Lineker confidently asserted: “I know the goals will come” though the mood soured further when his Nagoya side lost 3-1 to Gamba Osaka and dropped to penultimate place in the ten-team league. The English striker had recovered from injury to play in the game only to limp off with a damaged foot and miss another week of action.

Lineker’s transfer to the Far East would come under a different sort of scrutiny as Alan Sugar and Terry Venables clashed in the High Court in the battle for the control of Tottenham Hotspur. An affidavit from Sugar contained evidence related to the transfers of Lineker’s departure and Teddy Sheringham’s arrival at White Hart Lane from Nottingham Forest. Sugar’s sworn statement also detailed that the-then Forest manager Brian Clough liked a ‘bung’ to help deals go through smoothly (as told to him by Venables). Venables rebuked these allegations by stating ‘These allegations are unfounded. I find all of it bizarre.’ Sugar was hissed and jeered at by Spurs fans outside the court summing up a feeling of discontent at his stewardship of the club.

Although Lineker’s fortunes with Grampus Eight were flagging, he still proved an ample draw as Derry City sought to help raise funds for the club in a friendly to raise money to cover some of its substantial tax liability. By August 1994 there were reports that Lineker might join Bryan Robson’s Middlesbrough as they pushed for promotion to the Premier League. His contract was due to expire that December as Boro faced competition from Southampton who were trying to put together a deal to bring Lineker to the Dell financed by sponsorship from local firms.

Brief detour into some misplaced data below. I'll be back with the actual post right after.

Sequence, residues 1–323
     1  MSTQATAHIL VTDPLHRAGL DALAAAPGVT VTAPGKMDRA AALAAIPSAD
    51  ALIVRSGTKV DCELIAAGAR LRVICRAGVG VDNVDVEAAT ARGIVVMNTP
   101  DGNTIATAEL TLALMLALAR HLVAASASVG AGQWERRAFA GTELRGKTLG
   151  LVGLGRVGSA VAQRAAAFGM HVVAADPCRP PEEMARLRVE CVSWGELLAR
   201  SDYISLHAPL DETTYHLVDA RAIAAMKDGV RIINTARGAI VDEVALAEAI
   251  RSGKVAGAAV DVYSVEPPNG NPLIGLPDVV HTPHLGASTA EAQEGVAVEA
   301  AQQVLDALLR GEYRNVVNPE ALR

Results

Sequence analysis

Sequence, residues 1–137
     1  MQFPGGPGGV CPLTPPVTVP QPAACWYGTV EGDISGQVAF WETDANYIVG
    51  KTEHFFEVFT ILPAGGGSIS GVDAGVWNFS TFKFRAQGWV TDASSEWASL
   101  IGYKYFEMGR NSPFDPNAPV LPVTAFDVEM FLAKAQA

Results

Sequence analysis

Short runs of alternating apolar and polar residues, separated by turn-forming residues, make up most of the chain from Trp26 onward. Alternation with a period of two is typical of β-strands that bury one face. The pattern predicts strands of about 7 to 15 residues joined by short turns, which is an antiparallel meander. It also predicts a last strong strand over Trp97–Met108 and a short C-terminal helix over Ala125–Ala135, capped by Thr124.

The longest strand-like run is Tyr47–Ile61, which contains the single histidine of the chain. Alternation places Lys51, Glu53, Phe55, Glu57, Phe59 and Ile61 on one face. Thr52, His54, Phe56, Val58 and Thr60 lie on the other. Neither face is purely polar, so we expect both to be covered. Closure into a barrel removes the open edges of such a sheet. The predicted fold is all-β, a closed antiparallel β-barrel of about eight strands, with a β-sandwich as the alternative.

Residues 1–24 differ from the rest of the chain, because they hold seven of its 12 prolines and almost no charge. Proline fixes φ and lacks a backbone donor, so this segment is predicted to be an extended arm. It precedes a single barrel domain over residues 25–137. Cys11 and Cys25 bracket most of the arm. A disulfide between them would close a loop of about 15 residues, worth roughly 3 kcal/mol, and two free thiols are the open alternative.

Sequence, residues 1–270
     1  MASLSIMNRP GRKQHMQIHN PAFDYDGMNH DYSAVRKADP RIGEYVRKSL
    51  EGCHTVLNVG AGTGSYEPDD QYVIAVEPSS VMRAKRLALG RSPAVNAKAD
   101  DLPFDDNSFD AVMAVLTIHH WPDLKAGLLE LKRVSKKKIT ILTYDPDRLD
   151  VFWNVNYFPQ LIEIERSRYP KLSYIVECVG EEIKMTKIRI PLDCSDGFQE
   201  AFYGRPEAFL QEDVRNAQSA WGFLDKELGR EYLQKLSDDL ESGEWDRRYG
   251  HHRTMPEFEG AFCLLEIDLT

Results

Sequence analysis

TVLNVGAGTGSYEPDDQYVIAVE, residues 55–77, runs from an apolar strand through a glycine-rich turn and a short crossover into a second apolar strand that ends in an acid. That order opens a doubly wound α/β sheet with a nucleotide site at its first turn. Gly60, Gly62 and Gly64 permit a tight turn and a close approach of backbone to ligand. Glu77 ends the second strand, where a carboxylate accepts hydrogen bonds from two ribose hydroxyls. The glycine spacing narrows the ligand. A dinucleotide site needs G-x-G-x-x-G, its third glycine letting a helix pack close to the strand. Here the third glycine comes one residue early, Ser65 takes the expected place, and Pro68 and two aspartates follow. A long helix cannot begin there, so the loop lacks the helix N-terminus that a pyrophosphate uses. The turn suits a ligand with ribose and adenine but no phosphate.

Neither potential move came to fruition as the 33-year old announced in September 1994 that he was going to retire from playing upon the completion of his contract in Nagoya as originally planned. Though it would be a stretch to claim that Lineker’s time in Japan was a success, he was honoured at the J-League’s annual awards for his contribution, admittedly more for the publicity he brought than for his on-field contribution which yielded 9 goals in 23 games over his two seasons.

The first campaign saw Grampus Eight finish ninth in the ten team League while recording a healthy average attendance of 19,858 spectators. The following season was little better; another penultimate-placed finish, this time eleventh from twelve teams, though still the crowds turned out with a substantial rise in numbers recorded.

Grampus Eight’s fortunes did improve soon after under the managerial reign of Arsene Wenger who led the club to runners-up spot in the 1996 J-League, this following on from the previous successful campaign in the Emperor’s Cup. The up-and-coming Frenchman would of course go on to much further success with Arsenal in England. Although Wenger remains a key figure in the club’s storied history, it all began with the hopes of an ageing Spurs striker setting Nagoya alight. Perhaps the trajectory of both Lineker and Wenger’s careers within soccer may have foreshadowed things that were to come for North London football as much as forming a part of the development of professional football in Japan.